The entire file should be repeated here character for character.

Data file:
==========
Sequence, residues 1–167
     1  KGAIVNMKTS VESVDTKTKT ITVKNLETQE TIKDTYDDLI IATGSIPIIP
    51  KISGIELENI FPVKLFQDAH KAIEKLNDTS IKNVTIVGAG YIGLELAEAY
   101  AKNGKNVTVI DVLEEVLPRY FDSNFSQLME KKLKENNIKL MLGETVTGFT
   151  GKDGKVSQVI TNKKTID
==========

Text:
Sequence, residues 1–167
     1  KGAIVNMKTS VESVDTKTKT ITVKNLETQE TIKDTYDDLI IATGSIPIIP
    51  KISGIELENI FPVKLFQDAH KAIEKLNDTS IKNVTIVGAG YIGLELAEAY
   101  AKNGKNVTVI DVLEEVLPRY FDSNFSQLME KKLKENNIKL MLGETVTGFT
   151  GKDGKVSQVI TNKKTID